In utilizing the amnesia metaphor, Metzner writes that we seem to have forgotten “certain attitudes and kinds of perception, an ability to empathize and identify with nonhuman life, respect for the mysterious, and humility in relationship to the infinite complexities of the natural world.”53 He refers to Paul Devereux’s book “Earthmind” who writes, “For a long time now, we have been unable to remember our former closeness with the Earth. Due to this amnesia, the ecological problems now thrust upon us have come as a shock...We notice the amnesia that is really a double forgetting, wherein a culture forgets, and then forgets that it has forgotten how to live in harmony with the planet.”54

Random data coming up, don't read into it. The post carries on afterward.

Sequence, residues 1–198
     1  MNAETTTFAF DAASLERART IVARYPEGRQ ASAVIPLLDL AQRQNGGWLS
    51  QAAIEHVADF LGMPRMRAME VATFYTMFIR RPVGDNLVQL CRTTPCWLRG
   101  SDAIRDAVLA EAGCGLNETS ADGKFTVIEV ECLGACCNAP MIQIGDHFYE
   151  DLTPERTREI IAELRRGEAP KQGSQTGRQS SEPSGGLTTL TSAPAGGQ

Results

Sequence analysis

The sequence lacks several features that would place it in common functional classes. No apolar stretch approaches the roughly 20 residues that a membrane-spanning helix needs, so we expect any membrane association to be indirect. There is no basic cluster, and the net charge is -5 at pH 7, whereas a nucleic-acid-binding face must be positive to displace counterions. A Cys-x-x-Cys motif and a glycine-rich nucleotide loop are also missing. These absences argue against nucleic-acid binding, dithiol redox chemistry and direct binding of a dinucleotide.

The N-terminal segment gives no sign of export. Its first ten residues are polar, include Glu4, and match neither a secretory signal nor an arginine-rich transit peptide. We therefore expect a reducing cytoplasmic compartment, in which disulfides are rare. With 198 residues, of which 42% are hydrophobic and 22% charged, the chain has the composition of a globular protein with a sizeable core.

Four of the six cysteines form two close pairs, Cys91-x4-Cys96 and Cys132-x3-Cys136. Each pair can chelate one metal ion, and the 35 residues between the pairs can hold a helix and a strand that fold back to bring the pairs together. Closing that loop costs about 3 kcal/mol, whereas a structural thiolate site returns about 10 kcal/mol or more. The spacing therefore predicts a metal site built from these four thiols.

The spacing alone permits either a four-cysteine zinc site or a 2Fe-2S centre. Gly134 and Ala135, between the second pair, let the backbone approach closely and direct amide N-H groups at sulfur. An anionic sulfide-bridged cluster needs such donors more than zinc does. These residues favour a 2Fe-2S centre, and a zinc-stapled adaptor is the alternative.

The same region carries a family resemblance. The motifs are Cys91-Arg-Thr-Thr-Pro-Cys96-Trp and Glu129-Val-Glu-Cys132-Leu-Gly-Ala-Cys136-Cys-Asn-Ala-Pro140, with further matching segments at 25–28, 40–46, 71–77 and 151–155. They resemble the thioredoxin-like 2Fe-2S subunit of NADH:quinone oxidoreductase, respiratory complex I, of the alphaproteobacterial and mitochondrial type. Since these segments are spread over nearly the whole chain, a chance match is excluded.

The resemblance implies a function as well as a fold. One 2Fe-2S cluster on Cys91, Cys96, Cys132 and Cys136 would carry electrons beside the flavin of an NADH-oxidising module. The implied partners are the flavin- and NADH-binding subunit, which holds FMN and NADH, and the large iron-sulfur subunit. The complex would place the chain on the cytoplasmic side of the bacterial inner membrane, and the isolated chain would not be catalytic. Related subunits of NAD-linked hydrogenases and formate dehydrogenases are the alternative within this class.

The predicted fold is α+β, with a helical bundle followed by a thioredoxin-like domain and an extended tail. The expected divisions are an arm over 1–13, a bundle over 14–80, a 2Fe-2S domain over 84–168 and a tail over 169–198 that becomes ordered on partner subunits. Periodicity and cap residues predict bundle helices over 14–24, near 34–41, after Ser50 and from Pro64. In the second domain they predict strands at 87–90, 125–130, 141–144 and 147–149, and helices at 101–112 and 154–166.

Metzner then turns to what he calls the dissociative split between spirit and nature which has been evident from the time of the Protestant reformation. This split dictated that we needed to elevate reason and overcome our “lower” animal instincts in order to be spiritual. Freud’s version was the struggle between the ego and the animal id where the price of civilization was paid within our conflicted relationship with the natural world. Metzner proposes that throughout the history of Western consciousness “there has been a conception of two selves”55 - a natural self, and a spiritual or mental self. The unreconciled conflict between the two selves has led to a growing dissociation from our bodily world of instinct and sensation. This dissociative separation is enacted in the outer world and creates a consequent disconnection between us and the body of the planet. In sharp contrast, for indigenous cultures, “the natural is the spiritual.”56